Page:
CBS Frets Gay Marriage Not National Enough, But Will Also Cause Some Couples Problems

 As Sunday’s CBS Evening News recounted the day of marriage ceremonies for gay couples in New York state, where same-sex marriage has just been legalized, correspondent Jim Axelrod spent much of his report focusing on all the marriage benefits couples will not enjoy because the federal government does not recognize such unions. But he also found a consequence for some couples who may lose domestic partner benefits from their employers who are now planning to cut back such benefits and pressure couples to get married to qualify.

Substitute host Norah O’Donnell introduced the report warning of the federal government’s lack of recognition:

  This was an historic day in New York state, the first day that same-sex couples could legally be married in the sixth and largest state to recognize the ceremony. More than 1,000 couples rushed to take advantage. But winning recognition from the federal government remains elusive . 

After a soundbite of one gay man who had just gotten married, Axelrod listed benefits he would still miss out on:

 DAVID HERNANDEZ, NEWLYWED: We're so honored to be able to be part of all the couples, all the loving couples in New York, and have the same rights and promise.

JIM AXELROD: But not when it comes to income taxes, inheriting a spouse's Social Security benefits and family medical leave because federal law does not recognize gay marriage. 

The CBS correspondent soon noted the down side for gay couples who may not want to get married: "And some companies are phasing out domestic partner benefits in states where gay marriage is legal, and requiring gay employees to be married to keep their health coverage."

Below is a complete transcript from the report from the Sunday, July 24, CBS Evening News :

 NORAH O’DONNELL: This was an historic day in New York state, the first day that same-sex couples could legally be married in the sixth and largest state to recognize the ceremony. More than 1,000 couples rushed to take advantage. But winning recognition from the federal government remains elusive. More on the big day from Jim Axelrod.

JIM AXELROD: Claudia Bruce and Lydia Nusman for 35 years didn't waste a minute, timing their vows to be married seconds after it became legal in New York state at midnight.

CLAUDIA BRUCE, NEWLYWED: You go to the hospital here and there and there's the paper, you know. Single, married, divorced or widowed. And there's no place for anything else.

AXELROD: In New York City, 823 same-sex couples registered to marry today. David Hernandez and Nevin Cohn were among them.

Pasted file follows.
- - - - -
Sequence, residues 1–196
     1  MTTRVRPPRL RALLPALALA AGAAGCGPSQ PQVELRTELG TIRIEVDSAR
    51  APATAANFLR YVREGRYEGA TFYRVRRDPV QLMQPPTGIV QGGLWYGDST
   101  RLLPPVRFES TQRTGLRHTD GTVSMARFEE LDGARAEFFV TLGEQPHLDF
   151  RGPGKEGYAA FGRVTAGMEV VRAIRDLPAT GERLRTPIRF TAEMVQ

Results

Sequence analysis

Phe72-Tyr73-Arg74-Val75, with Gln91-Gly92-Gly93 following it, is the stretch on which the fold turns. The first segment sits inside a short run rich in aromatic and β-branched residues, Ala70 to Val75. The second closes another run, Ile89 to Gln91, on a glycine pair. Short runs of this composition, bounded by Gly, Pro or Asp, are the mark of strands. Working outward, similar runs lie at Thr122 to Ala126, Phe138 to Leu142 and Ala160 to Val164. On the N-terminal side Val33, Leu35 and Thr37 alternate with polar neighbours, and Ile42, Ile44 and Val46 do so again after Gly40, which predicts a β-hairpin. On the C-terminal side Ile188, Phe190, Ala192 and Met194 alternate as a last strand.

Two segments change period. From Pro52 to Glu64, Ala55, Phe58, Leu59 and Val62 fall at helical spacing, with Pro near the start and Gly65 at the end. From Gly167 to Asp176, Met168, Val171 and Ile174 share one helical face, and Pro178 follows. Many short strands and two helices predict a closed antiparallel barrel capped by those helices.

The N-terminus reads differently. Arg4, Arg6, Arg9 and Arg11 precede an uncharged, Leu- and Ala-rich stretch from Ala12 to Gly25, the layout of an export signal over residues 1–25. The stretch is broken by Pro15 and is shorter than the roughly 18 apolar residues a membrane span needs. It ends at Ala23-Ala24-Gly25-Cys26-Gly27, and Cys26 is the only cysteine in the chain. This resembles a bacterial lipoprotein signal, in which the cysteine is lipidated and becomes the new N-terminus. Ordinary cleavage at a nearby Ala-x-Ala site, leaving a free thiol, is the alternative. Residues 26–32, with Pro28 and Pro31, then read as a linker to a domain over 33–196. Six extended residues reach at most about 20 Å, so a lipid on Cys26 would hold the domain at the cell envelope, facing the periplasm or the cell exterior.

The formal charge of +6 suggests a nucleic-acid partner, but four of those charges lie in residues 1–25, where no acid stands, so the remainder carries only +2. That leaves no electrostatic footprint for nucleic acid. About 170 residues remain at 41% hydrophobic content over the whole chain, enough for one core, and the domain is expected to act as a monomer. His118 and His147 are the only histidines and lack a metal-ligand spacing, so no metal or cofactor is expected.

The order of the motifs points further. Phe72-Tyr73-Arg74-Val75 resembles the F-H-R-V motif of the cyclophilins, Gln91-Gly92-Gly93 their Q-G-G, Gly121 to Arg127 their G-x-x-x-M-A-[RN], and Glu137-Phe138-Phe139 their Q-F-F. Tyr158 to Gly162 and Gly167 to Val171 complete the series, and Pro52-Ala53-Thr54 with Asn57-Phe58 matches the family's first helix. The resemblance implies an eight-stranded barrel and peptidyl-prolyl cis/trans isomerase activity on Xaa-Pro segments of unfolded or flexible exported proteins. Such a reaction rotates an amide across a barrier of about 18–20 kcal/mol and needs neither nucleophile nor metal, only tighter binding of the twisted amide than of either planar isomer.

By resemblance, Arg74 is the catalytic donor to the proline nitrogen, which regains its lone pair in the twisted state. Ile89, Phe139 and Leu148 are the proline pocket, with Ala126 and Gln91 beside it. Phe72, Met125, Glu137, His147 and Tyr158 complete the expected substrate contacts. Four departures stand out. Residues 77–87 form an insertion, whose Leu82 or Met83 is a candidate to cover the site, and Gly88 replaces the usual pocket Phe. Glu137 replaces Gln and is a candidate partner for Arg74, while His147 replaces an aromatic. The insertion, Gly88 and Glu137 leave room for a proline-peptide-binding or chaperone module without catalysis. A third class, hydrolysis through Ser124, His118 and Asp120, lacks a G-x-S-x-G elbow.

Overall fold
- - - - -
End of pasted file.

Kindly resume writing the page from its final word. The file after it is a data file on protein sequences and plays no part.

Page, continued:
DAVID HERNANDEZ, NEWLYWED: We’re so honored to be able to be part of all the couples, all the loving couples in New York, and have the same rights and promise.

AXELROD: But not when it comes to income taxes, inheriting a spouse's Social Security benefits and family medical leave because federal law does not recognize gay marriage.

BRAD SEARS, WILLIAMS INSTITUTE AT UCLA LAW SCHOOL: There's even one case with a spouse of a veteran who’s not entitled to be buried next to their spouse.

AXELROD: Brad Sears of the Williams Institute at UCLA Law School says gay couples cannot file a joint federal tax return.

SEARS: In some cases, same-sex couples are going to pay more federal taxes.

UNIDENTIFIED MAN #1: I now pronounce you legally married.

AXELROD: And some companies are phasing out domestic partner benefits in states where gay marriage is legal, and requiring gay employees to be married to keep their health coverage.

HELEN DARLING, NATIONAL BUSINESS GROUP ON HEALTH: There's not really a change in philosophy that domestic partner benefit typically was put in to be fair because they didn't have the option of marriage.

AXELROD: In New York City today, protesters were scarce, but that shouldn't mislead anyone. Across the country gay marriage is still the exception, not the rule. Only six states and Washington, D.C., allow gay marriage, meaning 44 states do not.

BILL DONAHUE, CATHOLIC LEAGUE: We are very much opposed to the idea of gay marriage in any state.

AXELROD: Bill Donahue of the Catholic League says most of America agrees with him that marriage should be limited to a man and a woman.

DONAHUE: In 31 states in the United States, they've asked the people in a ballot initiative, do you believe in gay marriage? Our side, traditional marriage, has won 31 out of 31.

UNIDENTIFIED MAN #2: This is my partner, my spouse now.

AXELROD: The next battlegrounds over gay marriage may well be Maryland and Rhode Island, but that's for another day because for hundreds of couples in New York-

UNIDENTIFIED MAN #3: We couldn't be happier.

AXELROD: -this day was for celebration. Jim Axelrod, CBS News, N ew York.